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German migrant rescue ship appeals for help

Rome - The situation has worsened on board a migrant rescue ship operated by German activists in the Mediterranean, with close quarters and bad weather conditions leading to severe seasickness and flashbacks for those with post-traumatic stress disorder.

A storm at sea is now returning, and the ship's passengers and crew need a safe harbour, Berlin's Sea-Watch NGO tweeted on Wednesday.

"We do not have the capacity or the rescourses [sic] to sustain this situation for much longer," Sea-Watch 3's medical team wrote in an "urgent request" dated Tuesday.

Dire situation

The Sea-Watch 3 vessel rescued 32 people in distress at sea off the coast of Libya on December 22 and has since been blocked from docking in Italy or Malta. The migrants rescued include four women and seven children, four of whom are unaccompanied.

The storm has forced the ship's crew to pack the migrants together in a small area below deck.

EU states have been at loggerheads on the migration issue, with countries disagreeing over who should assume responsibility for migrants saved at sea.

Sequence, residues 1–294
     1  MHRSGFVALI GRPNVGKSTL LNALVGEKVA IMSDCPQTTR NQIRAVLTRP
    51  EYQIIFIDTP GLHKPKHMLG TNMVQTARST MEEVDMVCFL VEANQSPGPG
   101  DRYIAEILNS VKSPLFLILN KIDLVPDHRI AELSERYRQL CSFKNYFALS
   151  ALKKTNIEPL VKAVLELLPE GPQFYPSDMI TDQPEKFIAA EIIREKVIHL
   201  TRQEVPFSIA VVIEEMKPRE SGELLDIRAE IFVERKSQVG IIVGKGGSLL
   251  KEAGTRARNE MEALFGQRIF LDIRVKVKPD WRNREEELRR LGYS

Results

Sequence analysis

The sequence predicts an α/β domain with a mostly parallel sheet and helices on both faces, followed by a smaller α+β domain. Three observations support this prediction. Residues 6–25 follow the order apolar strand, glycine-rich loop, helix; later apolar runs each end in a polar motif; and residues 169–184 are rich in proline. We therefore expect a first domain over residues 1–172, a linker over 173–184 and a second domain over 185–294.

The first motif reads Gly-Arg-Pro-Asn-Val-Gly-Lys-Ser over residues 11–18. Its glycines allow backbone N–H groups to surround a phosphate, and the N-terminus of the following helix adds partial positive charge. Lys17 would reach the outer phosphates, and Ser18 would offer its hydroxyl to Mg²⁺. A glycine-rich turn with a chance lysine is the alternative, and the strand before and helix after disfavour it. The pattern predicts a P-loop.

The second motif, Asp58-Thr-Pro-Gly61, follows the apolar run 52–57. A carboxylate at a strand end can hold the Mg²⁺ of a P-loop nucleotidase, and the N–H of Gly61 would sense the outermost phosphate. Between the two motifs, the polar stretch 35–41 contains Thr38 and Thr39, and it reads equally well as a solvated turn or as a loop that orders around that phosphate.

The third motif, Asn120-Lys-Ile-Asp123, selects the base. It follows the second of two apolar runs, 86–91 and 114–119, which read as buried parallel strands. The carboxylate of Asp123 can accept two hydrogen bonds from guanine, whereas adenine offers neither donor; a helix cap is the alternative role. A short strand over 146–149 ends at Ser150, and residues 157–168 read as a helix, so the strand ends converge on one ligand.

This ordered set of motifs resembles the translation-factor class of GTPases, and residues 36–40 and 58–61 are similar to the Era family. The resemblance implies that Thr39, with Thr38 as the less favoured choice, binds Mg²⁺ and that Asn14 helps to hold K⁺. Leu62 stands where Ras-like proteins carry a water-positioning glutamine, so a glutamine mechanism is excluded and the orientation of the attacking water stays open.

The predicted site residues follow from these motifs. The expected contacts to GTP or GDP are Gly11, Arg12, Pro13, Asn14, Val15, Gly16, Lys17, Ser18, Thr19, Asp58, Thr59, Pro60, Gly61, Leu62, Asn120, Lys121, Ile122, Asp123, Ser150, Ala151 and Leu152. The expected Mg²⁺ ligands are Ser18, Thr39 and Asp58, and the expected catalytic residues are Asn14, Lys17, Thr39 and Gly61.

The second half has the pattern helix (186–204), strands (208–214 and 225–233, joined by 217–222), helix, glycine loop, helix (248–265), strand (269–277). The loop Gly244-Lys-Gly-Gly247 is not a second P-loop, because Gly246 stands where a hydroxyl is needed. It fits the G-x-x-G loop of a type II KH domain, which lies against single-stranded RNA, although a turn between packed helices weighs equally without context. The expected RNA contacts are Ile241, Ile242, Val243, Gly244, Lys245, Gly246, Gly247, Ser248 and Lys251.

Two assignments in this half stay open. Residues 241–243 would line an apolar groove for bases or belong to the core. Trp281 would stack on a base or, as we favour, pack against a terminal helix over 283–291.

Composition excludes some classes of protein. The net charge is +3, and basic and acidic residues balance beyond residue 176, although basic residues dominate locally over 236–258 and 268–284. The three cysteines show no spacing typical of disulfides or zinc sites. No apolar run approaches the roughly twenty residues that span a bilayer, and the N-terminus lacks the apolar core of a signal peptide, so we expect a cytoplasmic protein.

Another vessel, also run by a German NGO, is awaiting permission to dock.

Malta refuses more migrants

Sea-Eye's Professor Albrecht Penck vessel saved another 17 people in the central Mediterranean on December 29. Both its ship and the Sea-Watch 3 are located just off Malta.

The country defended its refusal to take in the migrants on Wednesday. In a tweet, Maltese Home Affairs Minister Michael Farrugia provided a map of the area off Libya where the NGO boats carried out their rescues.

"Malta was neither the appropriate nor the competent [search and rescue] authority," he said.

Ongoing negotiations

His tweet came shortly after the Dutch government said it was prepared to take in some of the migrants - but only on the condition that other EU countries do the same.

"Negotiations coordinated by the European Commission are under way between the different European countries," Dutch security and justice ministry spokesman Lennart Wegewijs told AFP.

Malta and Italy have borne the brunt of sea migration for years.

On Monday, two boats packed with a total of 180 migrants were rescued off Malta and taken to the country.

But the two countries have closed their ports to NGO vessels in a bid to dissuade migrants from trying to reach Europe by setting sail from Africa.